In early 2020 at the beginning of the COVID-19 pandemic, gasoline prices in the Pittsburgh area dropped as low at $2.13 per gallon. With the war in Ukraine continuing to pressure global oil prices, local gasoline prices have risen all the way to $4.35 per gallon, a more than $2 per gallon increase from the same period 2 years ago.
According to AAA, the national gasoline price average rose to $4.32 per gallon, a new record. Only one month ago the national average was $3.47 per gallon, with local Pittsburgh prices averaging $3.59 per gallon. Earlier this week the Biden administration implemented a ban on Russian oil imports which could send costs even higher.
While many consumers have directed their blame at the oil companies, industry experts state that their frustrations are misplaced. According to Patrick De Haan from GasBuddy, “Oil companies don’t get to decide what to sell their oil at. Oil prices are decided by global buyers and sellers.” Prices are held in check at multiple points along the supply chain including refiners, distributors, and dealers, according to Jim Garrity from AAA East Central in Pittsburgh. Competition between retailers tends to prevent large price spikes, but the reality is that all stations have had to significantly increase their prices as a response to global markets shifting in an extraordinarily short period of time.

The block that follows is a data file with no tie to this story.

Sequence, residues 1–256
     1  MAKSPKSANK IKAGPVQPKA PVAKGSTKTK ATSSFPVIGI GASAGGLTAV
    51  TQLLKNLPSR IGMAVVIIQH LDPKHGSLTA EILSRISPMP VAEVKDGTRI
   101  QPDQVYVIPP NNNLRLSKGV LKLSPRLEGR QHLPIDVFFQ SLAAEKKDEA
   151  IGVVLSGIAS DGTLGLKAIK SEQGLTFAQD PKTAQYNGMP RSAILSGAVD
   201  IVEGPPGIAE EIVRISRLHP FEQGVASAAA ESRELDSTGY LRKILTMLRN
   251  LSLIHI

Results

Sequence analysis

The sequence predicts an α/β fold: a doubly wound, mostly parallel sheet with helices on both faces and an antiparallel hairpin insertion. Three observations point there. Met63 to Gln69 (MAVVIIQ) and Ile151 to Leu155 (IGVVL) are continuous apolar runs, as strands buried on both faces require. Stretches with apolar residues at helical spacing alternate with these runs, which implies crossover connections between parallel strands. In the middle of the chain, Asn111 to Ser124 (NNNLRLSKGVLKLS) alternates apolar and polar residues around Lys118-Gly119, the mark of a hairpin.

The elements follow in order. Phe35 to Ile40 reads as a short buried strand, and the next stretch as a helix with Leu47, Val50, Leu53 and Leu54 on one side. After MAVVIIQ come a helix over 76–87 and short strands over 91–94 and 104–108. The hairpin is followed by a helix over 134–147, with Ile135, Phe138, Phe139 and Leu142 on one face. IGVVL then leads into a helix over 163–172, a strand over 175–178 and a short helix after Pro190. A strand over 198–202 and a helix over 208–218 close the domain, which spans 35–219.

With summer driving season right around the corner, consumers may see even higher prices in the near future. Pump prices will increase following the change from winter-grade gasoline blends to summer-grade gasoline, which may only be exacerbated by a continued tightening of supply with an increase in demand.